Sunday, October 29, 2017


Launching The New Horizon Oil on canvas 60 x 92 cm 2017



Delighted to report that my painting Drone Spiral [below] won the Drone Art Prize at the inaugural World of Drones Congress held in Brisbane, August/September this year. The press release announcing the prize can be viewed HERE or by clicking "Press Release" on the World of drones website.

Dr. Catherine Ball, scientist, and drone entrepreneur commented

“Kathryn Brimblecombe-Fox’s work provided a visual interpretation of the juxtaposition between the drone technology we see most in mainstream media, and its inherently complicated relationship with human beings."

Drone Spiral Gouache on paper 30 x 42 cm [unframed] 2016


Also, my latest e-Studio Update with a recap of 2017 is available HERE

Launching The New Horizon

Launching The New Horizon [at top of page] continues my interest in how contemporary technologies re-calibrating landscape and our responses to it. As regular readers know I am particularly interested in airborne militarised drones, surveillance and targeting signals associated with ubiquitous surveillance, and increasingly autonomous systems. 

In this painting a weaponised drone's wing-span creates a new horizon line. Long range, long dwell and long endurance capabilities of militarised drones enable a kind of loitering that could be described as an occupation of the sky. Weaponised drones don't simply travel through or across a sky like a fighter jet. That drone swarm technology has hastened over the last couple of years, poses another way for skies to be occupied or colonised - an infiltration of 'new clouds'. As instruments of surveillance, targeting and destruction militarised drones are embedded in the environment in ways that re-orient how we might look at and think about the sky. This is fearfully experienced by people who live in conflict zones situated under droned skies eg: Yemen, Afghanistan, Somalia and others.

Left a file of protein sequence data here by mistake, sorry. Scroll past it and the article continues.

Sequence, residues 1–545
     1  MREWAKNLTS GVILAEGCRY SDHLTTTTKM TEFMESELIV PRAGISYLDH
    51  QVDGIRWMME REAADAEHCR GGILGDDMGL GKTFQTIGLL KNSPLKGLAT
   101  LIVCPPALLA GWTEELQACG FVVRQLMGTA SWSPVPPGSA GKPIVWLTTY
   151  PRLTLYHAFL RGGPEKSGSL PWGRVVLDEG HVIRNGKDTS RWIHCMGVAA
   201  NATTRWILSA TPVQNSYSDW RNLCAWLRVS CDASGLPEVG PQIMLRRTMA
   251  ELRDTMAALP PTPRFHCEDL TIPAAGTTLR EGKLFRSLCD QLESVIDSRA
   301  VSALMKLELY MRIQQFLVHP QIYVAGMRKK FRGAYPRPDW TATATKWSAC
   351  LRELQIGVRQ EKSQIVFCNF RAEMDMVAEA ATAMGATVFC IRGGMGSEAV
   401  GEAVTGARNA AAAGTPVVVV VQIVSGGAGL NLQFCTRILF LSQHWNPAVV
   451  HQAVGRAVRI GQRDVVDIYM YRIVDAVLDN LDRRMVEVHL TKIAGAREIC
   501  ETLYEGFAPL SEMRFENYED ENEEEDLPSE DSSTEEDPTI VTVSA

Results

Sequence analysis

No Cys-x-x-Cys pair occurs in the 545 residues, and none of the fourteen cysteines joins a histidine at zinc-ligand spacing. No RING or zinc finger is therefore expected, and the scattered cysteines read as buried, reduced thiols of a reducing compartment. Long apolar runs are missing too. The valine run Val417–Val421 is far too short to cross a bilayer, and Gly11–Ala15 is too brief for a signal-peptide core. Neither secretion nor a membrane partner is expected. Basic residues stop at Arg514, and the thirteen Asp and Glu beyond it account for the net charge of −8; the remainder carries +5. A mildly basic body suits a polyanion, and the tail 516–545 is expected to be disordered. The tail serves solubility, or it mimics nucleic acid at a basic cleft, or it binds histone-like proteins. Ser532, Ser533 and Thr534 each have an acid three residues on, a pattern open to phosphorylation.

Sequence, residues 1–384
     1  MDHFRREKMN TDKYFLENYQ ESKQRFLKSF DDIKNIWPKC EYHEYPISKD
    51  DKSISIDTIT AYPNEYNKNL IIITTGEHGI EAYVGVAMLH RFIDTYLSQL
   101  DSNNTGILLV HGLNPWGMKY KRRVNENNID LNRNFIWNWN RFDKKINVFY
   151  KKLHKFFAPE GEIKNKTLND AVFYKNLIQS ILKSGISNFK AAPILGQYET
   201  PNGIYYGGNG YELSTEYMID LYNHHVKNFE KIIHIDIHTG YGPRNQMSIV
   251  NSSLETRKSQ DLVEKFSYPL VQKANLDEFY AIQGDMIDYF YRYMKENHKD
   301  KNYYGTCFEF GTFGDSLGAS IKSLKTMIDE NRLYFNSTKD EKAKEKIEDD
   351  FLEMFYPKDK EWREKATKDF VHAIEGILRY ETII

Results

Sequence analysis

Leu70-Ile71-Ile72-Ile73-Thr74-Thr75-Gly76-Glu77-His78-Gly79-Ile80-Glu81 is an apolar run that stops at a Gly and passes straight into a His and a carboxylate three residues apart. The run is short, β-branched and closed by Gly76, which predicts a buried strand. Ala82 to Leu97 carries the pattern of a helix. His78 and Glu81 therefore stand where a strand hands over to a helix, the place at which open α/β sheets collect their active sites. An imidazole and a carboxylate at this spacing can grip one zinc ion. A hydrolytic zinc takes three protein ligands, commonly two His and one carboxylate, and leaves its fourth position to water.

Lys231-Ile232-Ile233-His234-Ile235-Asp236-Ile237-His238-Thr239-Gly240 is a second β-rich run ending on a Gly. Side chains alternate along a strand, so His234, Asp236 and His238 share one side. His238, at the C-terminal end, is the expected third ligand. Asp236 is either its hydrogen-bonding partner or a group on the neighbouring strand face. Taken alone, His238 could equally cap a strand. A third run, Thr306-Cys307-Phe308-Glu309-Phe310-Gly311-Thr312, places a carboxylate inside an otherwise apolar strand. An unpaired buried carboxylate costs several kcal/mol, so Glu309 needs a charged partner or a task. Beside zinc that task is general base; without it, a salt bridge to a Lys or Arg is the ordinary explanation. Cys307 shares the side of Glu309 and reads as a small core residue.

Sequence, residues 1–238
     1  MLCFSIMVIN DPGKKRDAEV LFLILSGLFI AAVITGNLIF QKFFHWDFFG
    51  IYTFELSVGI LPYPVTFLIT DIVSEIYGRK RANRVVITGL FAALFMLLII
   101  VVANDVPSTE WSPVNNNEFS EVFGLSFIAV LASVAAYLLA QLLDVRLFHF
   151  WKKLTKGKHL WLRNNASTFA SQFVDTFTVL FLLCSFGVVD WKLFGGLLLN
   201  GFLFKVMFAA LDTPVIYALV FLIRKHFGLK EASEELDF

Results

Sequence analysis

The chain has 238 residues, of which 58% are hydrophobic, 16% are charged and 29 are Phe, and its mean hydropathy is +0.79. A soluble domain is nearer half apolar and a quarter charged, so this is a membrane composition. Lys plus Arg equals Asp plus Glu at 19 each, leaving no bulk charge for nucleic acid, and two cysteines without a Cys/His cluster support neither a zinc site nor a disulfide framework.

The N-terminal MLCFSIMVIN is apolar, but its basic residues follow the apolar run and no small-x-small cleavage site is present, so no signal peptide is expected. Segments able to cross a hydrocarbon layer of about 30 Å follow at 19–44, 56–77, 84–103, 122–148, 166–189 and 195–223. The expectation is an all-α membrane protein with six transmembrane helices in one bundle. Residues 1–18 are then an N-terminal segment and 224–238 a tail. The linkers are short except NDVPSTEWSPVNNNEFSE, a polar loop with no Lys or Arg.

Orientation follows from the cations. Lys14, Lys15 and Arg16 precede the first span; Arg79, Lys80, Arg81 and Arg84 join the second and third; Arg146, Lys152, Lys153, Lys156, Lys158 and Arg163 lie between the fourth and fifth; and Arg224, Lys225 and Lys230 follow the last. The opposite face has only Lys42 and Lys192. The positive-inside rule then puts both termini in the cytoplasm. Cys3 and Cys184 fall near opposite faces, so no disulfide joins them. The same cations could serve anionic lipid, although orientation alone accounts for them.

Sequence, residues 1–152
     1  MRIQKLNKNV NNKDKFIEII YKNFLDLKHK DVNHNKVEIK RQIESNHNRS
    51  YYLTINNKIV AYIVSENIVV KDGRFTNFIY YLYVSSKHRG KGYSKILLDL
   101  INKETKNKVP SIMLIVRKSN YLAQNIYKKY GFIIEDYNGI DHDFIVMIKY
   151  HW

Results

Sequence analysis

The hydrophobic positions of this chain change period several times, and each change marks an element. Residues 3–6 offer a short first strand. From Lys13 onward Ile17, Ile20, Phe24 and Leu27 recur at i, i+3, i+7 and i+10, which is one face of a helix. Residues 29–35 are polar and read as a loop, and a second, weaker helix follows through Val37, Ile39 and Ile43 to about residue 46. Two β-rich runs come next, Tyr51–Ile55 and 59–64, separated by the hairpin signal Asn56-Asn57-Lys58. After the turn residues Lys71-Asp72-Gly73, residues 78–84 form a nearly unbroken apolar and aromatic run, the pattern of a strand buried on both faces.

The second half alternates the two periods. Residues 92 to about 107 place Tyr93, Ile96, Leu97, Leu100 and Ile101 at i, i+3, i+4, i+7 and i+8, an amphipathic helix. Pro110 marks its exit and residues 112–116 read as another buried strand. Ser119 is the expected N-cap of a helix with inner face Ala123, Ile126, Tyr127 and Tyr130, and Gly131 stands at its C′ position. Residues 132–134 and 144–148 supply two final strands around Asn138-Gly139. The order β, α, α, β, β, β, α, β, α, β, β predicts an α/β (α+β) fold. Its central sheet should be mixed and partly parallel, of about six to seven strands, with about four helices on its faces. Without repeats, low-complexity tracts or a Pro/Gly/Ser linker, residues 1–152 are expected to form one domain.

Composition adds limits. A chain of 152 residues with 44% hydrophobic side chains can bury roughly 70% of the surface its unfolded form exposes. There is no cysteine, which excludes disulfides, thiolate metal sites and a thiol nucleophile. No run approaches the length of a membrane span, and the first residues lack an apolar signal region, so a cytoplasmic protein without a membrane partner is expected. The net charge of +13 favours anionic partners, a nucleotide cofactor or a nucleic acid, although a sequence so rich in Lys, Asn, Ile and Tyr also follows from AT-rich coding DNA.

In Launching The New Horizon the drone's surveillance net is visible. I've painted it to appear porous to indicate that it may have other meanings. For example could this net, be a span of light illuminating a landing strip? Or, as a visual metaphor, maybe it indicates a landing on our subconscious? Or, maybe the drone presages the arrival of an event horizon, one where humans and machines merge in a singularity, or one where we arrive on the precipice between life and extinction? The latter refers to the event horizon as the zone around a black hole from which there is no escape. The cosmic background of the painting is - very deliberate.

I'll let you continue to ponder. 

P.S. You might like to read Drone: Enduring Presence [Meta Landing]

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